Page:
I talk to someone who spends her days working with families who have children with disabilities who have lost everything in a massive, all-consuming wildfire.

There is no housing for any of they squish themselves into RVs and try to make it work.

The reservoir that provides all of the water for this same community has been contaminated with metals and chemicals and other toxic items all oozing into the water.

No housing.
No potable water.
No jobs.

It's catastrophic.

To top it off, our president enjoys punishing people for their tragedy.

Maybe it's because he has always had a home.
Always had access to drinking water.
Always known safety.

His bitterness seeps into our collective conscience as he tweets his condemnation for the unpreparedness for the fires.

There is no understanding loss.
Or cruelty.

As Jewel sings so well, "Only kindness matters."

These past few days, sadness seeping in...the pain of so many much loss...

I gift myself with a visit to my local coffee store.
I delight in my order,
smile my shy smile and say,
"I'd like Enlightenment please."

They steam up some milk, coat the cup with honey, add some green tea and call it Enlightenment.
[It should be noted that I could also order Bliss...but Enlightenment wins out every time.]

On my way out the door, someone calls my name.
It's a person I know only a bit...but she brings sunshine with her...serious calmness...and although I don't know her that well, 
I owe her.

She, of course, does not know my debt.
Has no idea.

19 years ago, when my baby was born with both Down Syndrome and a heart defect...and I was wondering how anyone mothers three children in any successful way, let alone a child with a disability in the mix, she graced my life.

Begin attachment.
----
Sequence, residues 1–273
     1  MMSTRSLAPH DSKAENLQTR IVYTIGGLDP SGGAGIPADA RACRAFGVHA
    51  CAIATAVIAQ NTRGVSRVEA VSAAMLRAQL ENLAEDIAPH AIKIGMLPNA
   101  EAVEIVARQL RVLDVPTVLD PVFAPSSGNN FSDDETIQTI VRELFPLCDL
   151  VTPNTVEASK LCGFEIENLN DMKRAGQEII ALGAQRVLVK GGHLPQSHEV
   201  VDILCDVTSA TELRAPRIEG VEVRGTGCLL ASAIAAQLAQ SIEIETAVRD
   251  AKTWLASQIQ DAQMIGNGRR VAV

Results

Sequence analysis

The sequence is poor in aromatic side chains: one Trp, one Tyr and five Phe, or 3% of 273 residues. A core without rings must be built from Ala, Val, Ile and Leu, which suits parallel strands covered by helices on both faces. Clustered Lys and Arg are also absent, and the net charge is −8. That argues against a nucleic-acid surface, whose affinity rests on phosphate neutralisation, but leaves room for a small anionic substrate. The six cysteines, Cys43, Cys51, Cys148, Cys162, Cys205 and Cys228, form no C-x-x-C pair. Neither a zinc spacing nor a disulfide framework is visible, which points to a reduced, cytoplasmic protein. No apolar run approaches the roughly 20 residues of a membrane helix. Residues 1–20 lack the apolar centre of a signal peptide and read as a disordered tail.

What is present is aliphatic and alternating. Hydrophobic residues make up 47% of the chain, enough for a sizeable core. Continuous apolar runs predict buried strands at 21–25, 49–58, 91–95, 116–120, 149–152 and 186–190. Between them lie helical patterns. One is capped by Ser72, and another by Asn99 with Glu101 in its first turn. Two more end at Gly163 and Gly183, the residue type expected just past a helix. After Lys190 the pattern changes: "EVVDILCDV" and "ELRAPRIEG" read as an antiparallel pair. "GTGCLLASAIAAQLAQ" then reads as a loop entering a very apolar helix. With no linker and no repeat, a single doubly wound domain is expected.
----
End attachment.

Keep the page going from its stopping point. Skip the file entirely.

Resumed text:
She taught pilates out of her home.

I don't know how I found out about her class.
I have no idea who was watching my three kids 
while I did pilates in her home...
but somehow the universe made it happen and my heart knew what I needed.

I only did it for a few months.

But, she ended every class with this wisdom:
leading us with big deep breaths...
three times...
Inhale gratitude, Exhale judgment.

That four word phrase and those big deep breaths stuck.
They became a part of me.

In and out...
Sucking up gratitude and exhaling away so much.

In that fragile time of my life, I took the tiniest step forward toward self-care with that pilates class.
I didn't know it then. 
Didn't have the vocabulary or the life experience to be able to talk about that in any real way...
I just knew that those moments at pilates helped give me my breath back.

And, my teacher had no idea.

Years passed.
Breathing in gratitude.
Exhaling judgment.
Guiding student teachers or small children in hard moments with big breaths.
I wanted to say thanks.
Kept meaning to...
but it felt like the time had passed.

I let the thank you sit unsaid.

But today, on my way out of the coffee shop, there she was...she stopped me and introduced me to her daughter, Hope, a grad student working at the Perkins School for the Blind (Annie Sullivan and Helen Keller's school!!)...and we got to talking...and talking...and it was Hope who asked,
"How do you guys know each other?"

Her mom referenced it in three words:
Pilates on Parkside.

And, like a red-checkered picnic blanket, the universe spread out the moment before me.
I knew I could finally thank her for the gifts of restoration and care and breathing and kindness she gave to me.

Through tears, I asked if she remembered the way she ended her class all those years ago.
She shook her head no.

I did.

Inhale gratitude.
Exhale judgment.

My time with Hope and her mom was rare and precious...we all could feel it...
and we all knew it couldn't end right then...
but real life was in our way.
Places to be.

We decided to meet later that afternoon.

Who does that?

People who listen to their heart.

In that precious afternoon chunk, Hope and I talked about people with disabilities, opportunities, inclusion, barriers, common sense, education, systemic problems and so much more.

It was kismet.
A sunshine spiral.

I still can't believe it happened.

All we have is today...and the people who cross our this moment, 
right now.

For some blessed reason, today, my heart was listening...right when Hope and Dion called my name.

Tonight, I take a deep, fresh breath of gratitude...for kindness and kismet...wrapped up in Hope.